Kittens sure are cute. But sometimes, their mischief and squirrelly nature can be their downfall. Recently, one little kitten in Marietta, Georgia, appropriately named Storm, got super lucky when he accidentally found himself trapped in a storm drain.
Cobb Fire Engine 23 responded to a situation involving a kitten stuck inside a storm drain, who was thankfully heard from those passing by who reported the terrified meows.
Cobb County Fire & Emergency Services shared a post to their Facebook page yesterday announcing their new purrfect addition to the firefighter family:
Meet Storm; this little guy had a pretty scary afternoon yesterday. He was stuck in a storm water runoff pipe after it rained, and he was too tiny to escape the flowing water.
It all started when two citizens heard him crying for help as they walked past a storm drain. They called 911, and Cobb Fire Engine 23 jumped into action.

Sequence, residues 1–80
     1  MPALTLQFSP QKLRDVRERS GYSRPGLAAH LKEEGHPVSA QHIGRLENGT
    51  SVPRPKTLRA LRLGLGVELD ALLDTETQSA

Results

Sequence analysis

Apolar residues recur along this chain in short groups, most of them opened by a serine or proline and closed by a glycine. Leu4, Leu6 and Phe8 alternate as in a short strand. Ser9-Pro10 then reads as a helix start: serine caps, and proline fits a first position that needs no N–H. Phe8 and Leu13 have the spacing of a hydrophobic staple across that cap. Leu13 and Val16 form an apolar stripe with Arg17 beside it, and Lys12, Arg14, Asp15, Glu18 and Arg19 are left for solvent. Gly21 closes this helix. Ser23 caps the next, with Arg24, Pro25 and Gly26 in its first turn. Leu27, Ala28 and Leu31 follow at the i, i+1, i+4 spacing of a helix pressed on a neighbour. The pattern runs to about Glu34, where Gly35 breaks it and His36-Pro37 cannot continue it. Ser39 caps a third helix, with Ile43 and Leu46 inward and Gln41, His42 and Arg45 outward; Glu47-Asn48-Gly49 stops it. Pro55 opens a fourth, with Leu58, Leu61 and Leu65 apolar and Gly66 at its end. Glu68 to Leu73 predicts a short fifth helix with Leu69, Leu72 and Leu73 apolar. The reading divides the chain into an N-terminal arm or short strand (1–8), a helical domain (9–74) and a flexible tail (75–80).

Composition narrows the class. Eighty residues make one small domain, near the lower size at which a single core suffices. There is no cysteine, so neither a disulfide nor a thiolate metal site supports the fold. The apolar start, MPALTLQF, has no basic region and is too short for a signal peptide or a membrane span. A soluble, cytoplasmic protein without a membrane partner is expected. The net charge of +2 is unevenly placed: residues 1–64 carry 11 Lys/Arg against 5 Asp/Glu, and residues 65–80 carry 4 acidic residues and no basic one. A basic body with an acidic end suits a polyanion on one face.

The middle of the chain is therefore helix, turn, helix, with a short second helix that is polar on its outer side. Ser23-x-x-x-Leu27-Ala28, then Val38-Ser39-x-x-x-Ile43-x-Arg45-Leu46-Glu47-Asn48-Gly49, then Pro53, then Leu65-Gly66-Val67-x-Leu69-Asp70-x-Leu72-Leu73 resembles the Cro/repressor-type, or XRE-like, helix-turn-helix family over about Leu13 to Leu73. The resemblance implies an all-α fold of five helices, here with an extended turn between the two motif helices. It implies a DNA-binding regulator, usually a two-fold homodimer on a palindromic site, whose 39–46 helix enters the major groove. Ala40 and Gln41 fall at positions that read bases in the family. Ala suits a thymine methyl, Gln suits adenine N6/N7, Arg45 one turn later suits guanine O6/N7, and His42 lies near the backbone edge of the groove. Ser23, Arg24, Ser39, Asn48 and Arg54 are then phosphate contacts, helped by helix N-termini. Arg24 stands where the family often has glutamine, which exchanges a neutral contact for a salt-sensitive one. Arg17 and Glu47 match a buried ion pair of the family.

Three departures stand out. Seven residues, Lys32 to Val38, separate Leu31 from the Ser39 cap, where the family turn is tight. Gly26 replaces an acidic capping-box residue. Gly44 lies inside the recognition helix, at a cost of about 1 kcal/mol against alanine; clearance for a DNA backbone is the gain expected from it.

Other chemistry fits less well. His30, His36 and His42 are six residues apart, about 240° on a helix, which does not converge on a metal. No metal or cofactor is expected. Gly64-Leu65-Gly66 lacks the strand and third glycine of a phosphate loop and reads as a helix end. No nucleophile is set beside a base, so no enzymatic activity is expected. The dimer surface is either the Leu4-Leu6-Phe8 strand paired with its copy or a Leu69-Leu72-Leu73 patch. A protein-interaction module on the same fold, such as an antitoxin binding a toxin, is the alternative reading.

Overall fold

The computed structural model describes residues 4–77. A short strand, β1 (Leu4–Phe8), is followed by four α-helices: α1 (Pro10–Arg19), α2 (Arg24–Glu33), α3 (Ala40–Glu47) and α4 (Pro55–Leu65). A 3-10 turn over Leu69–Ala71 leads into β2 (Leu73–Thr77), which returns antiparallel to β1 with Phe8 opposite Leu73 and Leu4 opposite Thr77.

The crew broke out their air meters and flashlights then they spotted the kitten inside the pipe standing on a pile of debris above the flowing water. A rescue plan was quickly hatched.
Crew members fought through the raging water (Hey, it was at least an inch or two deep, and it WAS flowing) as they made their way to the tiny island where the kitten was taking refuge.
The crew carried the tiny patient to safety.
After the daring rescue, the kitten was taken to Station 23, cleaned and dried, given the name Storm, and he is now adopted by Captain Sue Addyman who is taking him home to meet his new cat siblings.
When asked about the harrowing incident and how it feels to be rescued by the brave crew of Cobb County Fire and Emergency Services, Storm responded, “Meow, mmeeeeeow!”
I love stories of brave men and women going above and beyond to save the lives of others, no matter how big or small. And one thing is certain, little Storm is in great hands now. Awesome job, everyone!
Want to read the story of another ginger kitten who was saved from 33′ underground? Read about it here on cattitudedaily.com.
All Images Courtesy of Cobb County Fire & Emergency Rescue on Facebook